There’s nothing quite like enjoying your very own homegrown veggies. But that juicy tomato and succulent squash didn’t come without hours of your time (and, likely, buckets of sweat!) invested in your garden.

You want to eat your garden bounty—not have your garden eat up all your time.

That’s why in today’s post we’re covering 5 time saving tips for vegetable gardeners.

1. Choose low maintenance vegetables.

When picking produce to grow in your garden, opt for the “easy” ones: we’re talking tomatoes, peppers, potatoes, lettuce, spinach, zucchini, and yellow summer squash. 

Other crops, like broccoli or eggplant, are a bit more finicky and will require more work—and time—on your part to produce just the right conditions for them to grow well.


2. Plant perennial crops: the gift that keeps on giving.

Save time by planting perennial crops in your vegetable garden.

For perennial vegetables, choose from:

  • Artichoke
  • Asparagus
  • Garlic
  • Rhubarb
  • Spinach (some varieties)
  • Sweet Potato
  • Yams

We grow two perennial veggies at the farm: asparagus and garlic. Some varieties of broccoli are also perennial, but broccoli tends to be a more difficult plant to successfully grow, so pick your time saving battles wisely.

Many herbs are also perennial, including:

  • Basil (not all varieties)
  • Chives
  • Fennel
  • Lemon Balm
  • Mint
  • Oregano
  • Parsley
  • Rosemary
  • Sage
  • Thyme

Although Cilantro is not considered perennial, it reseeds and propagates itself if you leave it in the same raised bed each year.

We grow all of the perennial herbs listed above at the farm except fennel.

Keep in mind, however, that most perennial vegetables take their time when it comes to producing veggies. Generally, it takes 3 – 5 years before you’ll get your first bounty.

Many perennial herbs can also be invasive, so you’ll need to spend time keeping those in check before they stage a mutiny over your entire garden (there’s only so much mint a household needs!).


3. Automate this daily chore.

No need to drag the water hose around your garden every day when you can automate this chore for you! Consider installing sprinklers or a drip irrigation system to take over your watering chores.

Sprinklers are a more common watering solution for the average gardener; however, sprinklers can waste water by distributing it over a large area.

A drip irrigation system, on the other hand, waters your plants right at soil level, reducing water waste. This gets a big sustainable A+ from us.

If you’ve got some handy carpentry skills you’re ready to put to use, learn how to build your own drip irrigation system here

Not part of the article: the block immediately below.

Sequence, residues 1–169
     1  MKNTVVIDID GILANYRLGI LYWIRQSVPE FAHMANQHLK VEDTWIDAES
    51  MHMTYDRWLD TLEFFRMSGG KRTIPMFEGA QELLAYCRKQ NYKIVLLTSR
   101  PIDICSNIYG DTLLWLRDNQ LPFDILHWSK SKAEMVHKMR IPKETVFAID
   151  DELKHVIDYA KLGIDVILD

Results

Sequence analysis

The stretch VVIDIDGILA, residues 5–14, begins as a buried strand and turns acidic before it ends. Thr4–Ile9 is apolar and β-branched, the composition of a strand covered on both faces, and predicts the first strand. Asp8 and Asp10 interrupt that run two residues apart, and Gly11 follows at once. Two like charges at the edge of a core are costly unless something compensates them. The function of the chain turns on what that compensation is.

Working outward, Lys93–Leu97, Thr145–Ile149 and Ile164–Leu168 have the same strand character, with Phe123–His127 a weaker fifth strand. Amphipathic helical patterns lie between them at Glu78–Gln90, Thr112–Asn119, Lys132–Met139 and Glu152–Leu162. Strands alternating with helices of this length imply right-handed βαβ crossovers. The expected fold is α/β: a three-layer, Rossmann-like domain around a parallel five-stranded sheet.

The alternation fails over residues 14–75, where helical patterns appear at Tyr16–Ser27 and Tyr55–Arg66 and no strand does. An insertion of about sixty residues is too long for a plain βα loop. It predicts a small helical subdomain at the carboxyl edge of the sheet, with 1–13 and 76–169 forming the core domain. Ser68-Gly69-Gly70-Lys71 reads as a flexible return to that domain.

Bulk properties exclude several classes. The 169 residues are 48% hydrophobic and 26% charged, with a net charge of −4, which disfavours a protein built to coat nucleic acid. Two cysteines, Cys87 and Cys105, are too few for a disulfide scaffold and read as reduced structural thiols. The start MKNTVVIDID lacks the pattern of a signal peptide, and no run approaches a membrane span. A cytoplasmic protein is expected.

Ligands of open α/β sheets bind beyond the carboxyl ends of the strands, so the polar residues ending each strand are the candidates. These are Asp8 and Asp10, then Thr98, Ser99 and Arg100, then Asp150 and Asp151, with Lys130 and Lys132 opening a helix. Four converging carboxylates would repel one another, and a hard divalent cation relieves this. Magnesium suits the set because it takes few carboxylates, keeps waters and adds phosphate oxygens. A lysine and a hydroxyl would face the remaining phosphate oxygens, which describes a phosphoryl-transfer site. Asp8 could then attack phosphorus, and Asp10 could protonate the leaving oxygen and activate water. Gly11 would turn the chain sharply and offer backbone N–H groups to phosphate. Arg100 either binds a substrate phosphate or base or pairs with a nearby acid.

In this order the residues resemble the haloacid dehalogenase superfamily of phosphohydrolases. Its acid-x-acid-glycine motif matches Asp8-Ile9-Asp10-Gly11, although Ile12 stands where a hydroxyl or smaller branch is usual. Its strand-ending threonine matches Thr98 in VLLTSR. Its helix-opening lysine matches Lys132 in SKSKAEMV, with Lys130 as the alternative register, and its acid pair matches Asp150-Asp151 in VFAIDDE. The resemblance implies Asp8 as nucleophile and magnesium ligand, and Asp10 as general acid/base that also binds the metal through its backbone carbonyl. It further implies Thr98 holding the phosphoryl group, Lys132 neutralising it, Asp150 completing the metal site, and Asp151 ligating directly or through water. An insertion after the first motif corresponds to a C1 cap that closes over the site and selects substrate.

4. Cut out the digging altogether with straw bale gardening.

Straw bale gardening is the process of using straw bales as “containers” for your garden. Think of it like a raised bed garden, only you won’t actually have to spend time building a raised bed.

There’s no soil necessary; the straw bales act as the growing material for your plants. This means no need for time-consuming soil tilling.

The decomposing straw creates a cozy warmth for your plants’ roots, allowing the growing season to start earlier in the springtime and extend later into the fall.

You’ll also spend less time weeding, since straw bales are less likely to have weed seeds sprout (and if they do come up, they’re easier to remove).

However, you will need to water more frequently, as straw dries out more quickly than soil. You’ll also need to fertilize your straw bale garden to add in the nitrogen and other nutrients that plants need to grow (and which straw bales lack).

Wheats, oats, rye, or barley are your best straw bale options. But beware—do not use hay! This is food for livestock and contains the entire stalk and seed heads, whereas the straw bales contain only post-harvest bare stalks.

To learn more about straw bale gardening, check out this in-depth resource, as well as the book Straw Bale Solutions by Joel Karsten, the man who popularized the straw bale gardening technique.


5. No thank you, weeds.

We all know that the biggest time sink in gardening is going to battle with those pesky weeds. Create an armor for your garden—and cut down on time spent weeding—by layering mulch. 

Mulch protects your garden from rogue weed seeds that may land on the mulch by preventing the seed from reaching the soil below. It also blocks out the sunlight that weeds below the mulch need to grow.

Choose from these organic mulch options:

  • Wood chips
  • Shredded bark
  • Grass clippings
  • Leaves
  • Straw

Wood chips and bark will be your best time-saving option, as these won’t break down as quickly, so you won’t need to replace this type of mulch as often.

However, grass, leaves, and straw do contain weed seeds, so as these organic materials break down and add the weed seeds to the soil, you’ll need to continue adding more mulch to prevent sunlight from reaching the soil and allowing the seeds to grow.

When applying mulch, aim for a 3 inch thick layer. Be sure to allow for space between your mulch and plant stems and trunks—generally 1 – 2 inches.